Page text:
Getting away from the city is one of my great passions; As often as I can I'm out in the country, as far as I can get before having to turn back for work or whatever. I just feel better out there. There's something about the hum of my wheels on the blacktop heading out of town and that familiar feeling of righteousness as I hit the dirt and leave civilisation behind in a cloud of dust and shower of rocks flicking back from my tyres.
I was talking to a chap the other day who is planning (hoping) to make his own getaway; A trip around the country for 12 months or so and whilst he has some great ideas he also admitted that it was difficult to know where to start his planning. It's not the first time I've had that conversation and won't be the last as more and more people discover the allure of the open road, the solitude of far away places and the beauty this country has to offer once away from populated areas.
We've been to some amazing places and had some truly incredible experiences in the outback and remote places of Australia. Travelling around this vast country takes effort though, planning and knowledge. One simply can't take off in a typical road car and expect to get it done. Chances are you won't come back.
Having the right vehicle, knowing how to use it over various terrains, how to maintain it and load it is a critical factor in safe outback driving and there's a lot of vehicle choices out there. Add to that the accessories and equipment required and then accommodation choices like caravan, camper trailer, tent, swag, motor home and the many other options available and one is left more than confused, like our friend above. There's medical emergencies to consider, communications, and navigation as well as food and water considerations also. It's complicated.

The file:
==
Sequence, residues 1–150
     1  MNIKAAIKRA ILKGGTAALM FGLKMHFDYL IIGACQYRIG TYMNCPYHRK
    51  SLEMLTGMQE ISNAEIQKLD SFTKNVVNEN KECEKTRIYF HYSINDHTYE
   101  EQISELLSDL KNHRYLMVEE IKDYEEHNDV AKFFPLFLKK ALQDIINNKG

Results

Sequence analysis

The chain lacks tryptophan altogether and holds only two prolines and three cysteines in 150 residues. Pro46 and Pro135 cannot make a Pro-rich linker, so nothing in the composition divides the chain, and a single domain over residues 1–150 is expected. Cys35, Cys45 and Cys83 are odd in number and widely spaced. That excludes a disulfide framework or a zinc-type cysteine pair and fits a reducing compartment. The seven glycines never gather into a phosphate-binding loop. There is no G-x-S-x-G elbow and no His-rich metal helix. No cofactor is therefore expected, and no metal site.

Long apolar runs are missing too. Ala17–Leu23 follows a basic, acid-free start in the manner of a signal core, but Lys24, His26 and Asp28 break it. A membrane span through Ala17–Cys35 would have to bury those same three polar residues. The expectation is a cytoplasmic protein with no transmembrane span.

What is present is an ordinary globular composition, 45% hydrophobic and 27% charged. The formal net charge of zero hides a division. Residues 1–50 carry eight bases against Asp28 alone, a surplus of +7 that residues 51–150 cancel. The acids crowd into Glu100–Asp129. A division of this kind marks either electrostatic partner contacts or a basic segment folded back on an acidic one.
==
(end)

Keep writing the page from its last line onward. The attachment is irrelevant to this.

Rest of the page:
My off-road vehicle for instance carries $25,000 worth of accessories and equipment over and above the purchase price and that's without any of the personal equipment I need. Then there's my camper trailer, a full-off-road version with onboard water, power, kitchen, fridge/freezer, hi-lift jack, axe, shovel, solar panels and so on. Another $32,000 worth of kit. You get the idea? It's not cheap, but the outback is harsh, unforgiving and deadly to the unprepared.
My advice to the guy was to research and then research some more. When it comes to the vehicle, accommodation and equipment decisions it's best to make them based on fact and research rather than someone else's opinion or on what's popular; What's right for them may not be right for you. There are industry shows and events offering a chance to get up close and personal with stuff and of course loads of online resources. It's a great place to start. Also in speaking with people who have done it for a while, I've been doing this sort of thing for 28 years for instance, will also help as learning from other people's errors is a cheaper way of learning. Trust me. Understanding one's limitations is also advisable and with so many resources, training video's and courses there's really no excuse not to have at least a basic understanding.
Travelling around this huge country doesn't always mean off-roading, low-range gears, winch recoveries and getting bogged however to see the best of it some off-road work is required. Getting to that spot where all the caravaners are might be nice, but I can assure you that a little further down that dodgy looking rutted dirt track, across that creek crossing or up the beach a ways is something amazing. It's Australia after all.
Images in this post are:
Spear Creek - Southern Flinders Ranges, SA (Heading to the summit to see what's there)
Northern Rivers - New South Wales (Pristine beaches as far as one can see)
Willow Springs - Central Flinders Ranges, SA(My off-road vehicle and camper trailer and wife)
Katherine Gorge - Northern Territory (If you don't see this you are stark raving mad!) :)
Mindl Beach - Darwin, NT (Sunsets take on a new meaning here. Silhouette of my wife between the trees)